By the time we got to Jodphur during my fall trip to India, I wasn’t feeling too well, and the only thing I wanted to do was go to bed. That meant I missed most of what the Blue City had to offer. Little did I know that I would get a second chance to experience its wonders at the Museum of Fine Arts Houston.
Peacock in the Desert is an exhibit representing centuries of royal treasures never seen before outside palace walls. What they represent is the history of the Rathores who are still Jodphur’s royal family. This incredible exhibit reminded me of so many things I learned and loved during my travels in Rajasthan.
The lavish life of the maharajas made such an impression. Whether they were transported by elaborately adorned elephants,
born in splendid palanquins
or driven in a Rolls Royce theirs appeared to be a pampered lifestyle.
Royal wealth and power were often depicted in art. A maharaja was regarded in so many ways: a warrior and diplomat, a connoisseur of the arts and material pleasures.
The material pleasures were many be they weapons or beautifully cast pieces of gold and silver.
On the trip, I was very curious about the role of women so it was interesting to study the exhibit in this context. In the royal environment, women appeared to have a good life. They often maintained personal shrines, such as this one dedicated to Krishna, where daily worship rituals were conducted.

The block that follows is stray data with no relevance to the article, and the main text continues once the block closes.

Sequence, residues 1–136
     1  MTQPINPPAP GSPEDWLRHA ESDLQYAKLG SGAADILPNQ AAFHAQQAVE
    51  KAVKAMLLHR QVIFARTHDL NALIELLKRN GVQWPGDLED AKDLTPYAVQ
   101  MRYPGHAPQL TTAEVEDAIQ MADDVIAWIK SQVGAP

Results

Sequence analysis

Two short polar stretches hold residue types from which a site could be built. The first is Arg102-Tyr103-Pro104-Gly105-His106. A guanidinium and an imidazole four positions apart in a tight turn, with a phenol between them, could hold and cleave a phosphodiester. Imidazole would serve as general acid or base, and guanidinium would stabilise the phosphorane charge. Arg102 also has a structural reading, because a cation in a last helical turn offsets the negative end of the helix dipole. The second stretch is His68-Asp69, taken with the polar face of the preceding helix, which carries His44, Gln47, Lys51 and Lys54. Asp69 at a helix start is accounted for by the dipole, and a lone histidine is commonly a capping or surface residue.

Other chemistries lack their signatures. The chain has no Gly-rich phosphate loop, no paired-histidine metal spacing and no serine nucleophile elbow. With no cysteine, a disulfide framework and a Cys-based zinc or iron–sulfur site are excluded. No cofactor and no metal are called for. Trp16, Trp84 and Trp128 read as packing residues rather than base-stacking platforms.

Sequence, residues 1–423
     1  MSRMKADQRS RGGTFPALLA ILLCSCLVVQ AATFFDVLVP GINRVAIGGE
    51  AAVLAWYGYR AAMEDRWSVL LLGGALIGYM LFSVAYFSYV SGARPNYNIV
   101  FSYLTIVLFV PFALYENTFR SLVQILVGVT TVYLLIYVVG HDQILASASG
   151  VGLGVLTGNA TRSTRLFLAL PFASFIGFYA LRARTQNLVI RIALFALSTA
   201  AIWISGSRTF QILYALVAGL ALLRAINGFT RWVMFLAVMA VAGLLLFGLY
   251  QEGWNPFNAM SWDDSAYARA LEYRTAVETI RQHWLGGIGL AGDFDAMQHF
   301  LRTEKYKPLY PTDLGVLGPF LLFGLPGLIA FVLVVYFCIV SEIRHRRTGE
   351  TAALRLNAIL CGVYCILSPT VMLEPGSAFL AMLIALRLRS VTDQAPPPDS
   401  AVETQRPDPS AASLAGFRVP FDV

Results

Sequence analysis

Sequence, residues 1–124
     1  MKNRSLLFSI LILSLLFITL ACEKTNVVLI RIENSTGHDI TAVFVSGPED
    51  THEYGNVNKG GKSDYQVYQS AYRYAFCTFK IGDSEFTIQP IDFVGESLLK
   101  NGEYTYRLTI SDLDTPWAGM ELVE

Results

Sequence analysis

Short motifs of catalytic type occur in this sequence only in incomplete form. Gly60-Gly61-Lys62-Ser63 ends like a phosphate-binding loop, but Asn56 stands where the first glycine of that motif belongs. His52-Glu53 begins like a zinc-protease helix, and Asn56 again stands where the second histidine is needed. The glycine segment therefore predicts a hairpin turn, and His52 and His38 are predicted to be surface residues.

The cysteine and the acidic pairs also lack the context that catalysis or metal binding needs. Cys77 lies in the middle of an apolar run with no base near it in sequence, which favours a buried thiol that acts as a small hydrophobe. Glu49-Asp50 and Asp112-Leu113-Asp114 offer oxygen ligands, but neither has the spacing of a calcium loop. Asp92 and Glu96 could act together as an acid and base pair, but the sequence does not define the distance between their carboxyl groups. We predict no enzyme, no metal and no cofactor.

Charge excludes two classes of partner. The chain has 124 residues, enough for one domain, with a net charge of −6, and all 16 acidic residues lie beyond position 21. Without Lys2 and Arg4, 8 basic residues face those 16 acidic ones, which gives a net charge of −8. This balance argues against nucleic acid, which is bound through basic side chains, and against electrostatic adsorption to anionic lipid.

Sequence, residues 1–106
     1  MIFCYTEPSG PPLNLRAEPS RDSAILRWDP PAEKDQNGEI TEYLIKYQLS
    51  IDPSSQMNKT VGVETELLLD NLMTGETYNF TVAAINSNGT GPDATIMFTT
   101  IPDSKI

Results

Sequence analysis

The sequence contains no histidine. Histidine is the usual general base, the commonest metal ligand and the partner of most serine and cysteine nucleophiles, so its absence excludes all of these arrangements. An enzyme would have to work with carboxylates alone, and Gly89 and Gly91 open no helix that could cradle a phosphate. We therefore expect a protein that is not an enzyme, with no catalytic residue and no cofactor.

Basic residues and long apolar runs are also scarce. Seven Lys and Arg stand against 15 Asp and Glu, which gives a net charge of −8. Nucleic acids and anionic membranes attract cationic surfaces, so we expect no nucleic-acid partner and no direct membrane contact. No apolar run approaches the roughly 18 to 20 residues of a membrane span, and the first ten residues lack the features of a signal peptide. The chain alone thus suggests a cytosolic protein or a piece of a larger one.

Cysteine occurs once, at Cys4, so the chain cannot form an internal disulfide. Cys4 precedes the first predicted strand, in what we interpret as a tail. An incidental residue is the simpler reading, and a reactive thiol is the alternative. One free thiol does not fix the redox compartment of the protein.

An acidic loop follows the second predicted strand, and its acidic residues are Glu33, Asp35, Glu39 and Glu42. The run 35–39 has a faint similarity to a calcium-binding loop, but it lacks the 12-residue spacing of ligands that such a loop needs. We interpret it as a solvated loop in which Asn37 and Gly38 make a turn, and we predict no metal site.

Royal women had baradaris, a pavilion that could be taken apart and transported from place to place for festivals, game playing or formal state occasions. It struck me as fun to have a traveling entertainment center!
Then as now, women seem to be drawn to sparkle and adorned themselves with bangles and colorful and bejeweled clothing.
What they received for their dowries wasn’t bad either!
Throughout the exhibit were wonderful paintings that brought back memories of the intricate and detailed pieces that were observed throughout Rajasthan.
So small are some of the images that one has to look closely in order not to miss them as in this hunting scene.
I loved this piece not only for its detail and color but for the peacock in the clouds which seemed an early reference to flight.
For the boys in the family, I bought turbans so I was quite drawn to this colorful wall of turbans which taught something new. A turban represents pride and valor. Though made from similar materials, each unique style identifies community.
There was so much to see in Peacock in the Desert, perhaps more than I would have had opportunity to view in Jodphur so spending several hours roaming the space at the museum was a wonderful experience. When I saw the model of the palace where the royal family lives today, I was somewhat blown away wondering how if would be possible to care for so many rooms.
i so appreciate your visit and the comments you leave behind